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Osteoarthritis (OA), also known as degenerative joint disease, is the most common form of arthritis. It is a painful condition that occurs when cartilage inside a joint wears down over time. Most often, this wear results from a lifetime of use, and people get it when they reach advanced age. However, younger people may get the condition early as a result of an injury to the joint.
Osteoarthritis is different from the less common but often more serious form of arthritis known as inflammatory arthritis. This is a group of autoimmune diseases such as rheumatoid arthritis and gout. Inflammatory arthritis is caused by a problem with the immune system, and it usually causes inflammation in many joints throughout the body at the same time. Osteoarthritis, on the other hand, is usually isolated to a single joint.
Cartilage is the spongy tissue that coats the ends of bones where they meet to form joints. In joints such as elbows, knees, shoulders, ankles and knuckles, cartilage acts as a shock absorber, cushioning the bones and preventing their ends from touching during body movement. This allows a person to twist, bend, turn and have a broad range of motion. The older we get, the more our cartilage deteriorates – especially in joints that we use most frequently. When cartilage degrades, the bones are not properly cushioned and the joint becomes damaged. This results in pain, stiffness and reduced range of motion.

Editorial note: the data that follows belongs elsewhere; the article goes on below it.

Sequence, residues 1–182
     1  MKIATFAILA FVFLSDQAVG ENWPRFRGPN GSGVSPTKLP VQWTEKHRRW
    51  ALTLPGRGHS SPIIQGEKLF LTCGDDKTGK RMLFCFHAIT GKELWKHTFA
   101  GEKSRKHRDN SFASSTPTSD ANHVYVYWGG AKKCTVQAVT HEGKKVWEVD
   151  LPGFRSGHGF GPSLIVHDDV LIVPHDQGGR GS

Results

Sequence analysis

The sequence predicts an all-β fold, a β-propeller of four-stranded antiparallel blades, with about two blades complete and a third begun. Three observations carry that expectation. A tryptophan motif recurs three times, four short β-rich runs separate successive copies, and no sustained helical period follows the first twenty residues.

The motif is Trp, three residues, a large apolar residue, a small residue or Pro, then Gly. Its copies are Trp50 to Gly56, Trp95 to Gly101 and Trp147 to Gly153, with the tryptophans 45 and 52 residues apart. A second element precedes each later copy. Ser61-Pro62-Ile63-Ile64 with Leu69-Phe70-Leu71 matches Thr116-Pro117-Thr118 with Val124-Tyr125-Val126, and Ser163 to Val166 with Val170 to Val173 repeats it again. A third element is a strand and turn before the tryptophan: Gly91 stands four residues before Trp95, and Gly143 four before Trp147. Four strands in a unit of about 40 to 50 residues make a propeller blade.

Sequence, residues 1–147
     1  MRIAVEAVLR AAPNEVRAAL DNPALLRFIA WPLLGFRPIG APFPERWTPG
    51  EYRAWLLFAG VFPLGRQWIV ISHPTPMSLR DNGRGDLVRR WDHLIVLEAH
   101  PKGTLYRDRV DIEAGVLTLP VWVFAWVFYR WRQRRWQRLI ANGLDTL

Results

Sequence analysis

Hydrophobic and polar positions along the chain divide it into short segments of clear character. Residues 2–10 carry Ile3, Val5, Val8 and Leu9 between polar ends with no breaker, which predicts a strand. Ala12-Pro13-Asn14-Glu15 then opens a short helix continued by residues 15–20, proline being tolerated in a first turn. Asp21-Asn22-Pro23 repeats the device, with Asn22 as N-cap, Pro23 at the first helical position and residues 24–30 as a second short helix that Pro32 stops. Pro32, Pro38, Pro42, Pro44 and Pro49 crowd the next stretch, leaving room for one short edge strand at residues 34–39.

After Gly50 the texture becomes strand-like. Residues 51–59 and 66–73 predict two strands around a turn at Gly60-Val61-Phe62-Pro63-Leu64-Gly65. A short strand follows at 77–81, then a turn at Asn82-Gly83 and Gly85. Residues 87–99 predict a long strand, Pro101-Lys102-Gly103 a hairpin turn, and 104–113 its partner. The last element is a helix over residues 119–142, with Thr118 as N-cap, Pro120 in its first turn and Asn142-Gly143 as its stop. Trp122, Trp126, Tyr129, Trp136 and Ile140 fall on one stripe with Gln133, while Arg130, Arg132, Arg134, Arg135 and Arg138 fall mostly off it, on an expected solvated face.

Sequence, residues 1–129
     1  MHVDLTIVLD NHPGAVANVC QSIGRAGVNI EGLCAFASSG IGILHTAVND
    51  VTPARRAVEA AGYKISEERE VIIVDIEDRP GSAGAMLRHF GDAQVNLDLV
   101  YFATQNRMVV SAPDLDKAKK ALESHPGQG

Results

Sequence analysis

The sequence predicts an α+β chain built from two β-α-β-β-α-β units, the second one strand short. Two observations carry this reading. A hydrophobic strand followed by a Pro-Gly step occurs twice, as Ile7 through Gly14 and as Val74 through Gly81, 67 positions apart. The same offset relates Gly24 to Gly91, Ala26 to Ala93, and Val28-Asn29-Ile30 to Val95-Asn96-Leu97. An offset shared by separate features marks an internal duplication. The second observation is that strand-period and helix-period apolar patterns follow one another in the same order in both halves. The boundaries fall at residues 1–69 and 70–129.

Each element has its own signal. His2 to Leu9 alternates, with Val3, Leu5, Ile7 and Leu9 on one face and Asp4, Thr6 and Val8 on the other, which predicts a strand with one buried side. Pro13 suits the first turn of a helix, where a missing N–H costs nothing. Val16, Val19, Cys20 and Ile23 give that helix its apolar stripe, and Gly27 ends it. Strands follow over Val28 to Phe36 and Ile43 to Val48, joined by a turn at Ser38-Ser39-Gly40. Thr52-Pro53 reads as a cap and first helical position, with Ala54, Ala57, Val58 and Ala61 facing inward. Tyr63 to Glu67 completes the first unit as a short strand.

Osteoarthritis is most common in large weightbearing joints such as the hips or knees. With this type of arthritis, pain usually increases during activity and decreases with rest. Symptoms are often worse toward the end of the day.
Pain is the most common symptom. Pain usually occurs when the joint is being moved, rather than when it is at rest. However, in the morning or after other long periods of inactivity, some people with OA may experience a feeling of stiffness. This symptom (known as "gel phenomenon" or "gelling phenomenon") usually lasts for less than 20 minutes in the affected joint. It is caused by a temporary thickening (or "gelling") of natural fluids inside the joint.
Pain felt during movement of the joint is often accompanied by a crackling or grinding sound called "crepitus." Some people with OA may feel little or no pain for unknown reasons. The level of pain each person with OA experiences can depend on many factors including: the stage of the disease, the way a person's brain processes pain messages, cultural, gender and psychological differences.
The joints most commonly affected by osteoarthritis are:
Osteoarthritis is not associated with the following symptoms. If you have these are symptoms, you have some form of inflammatory arthritis: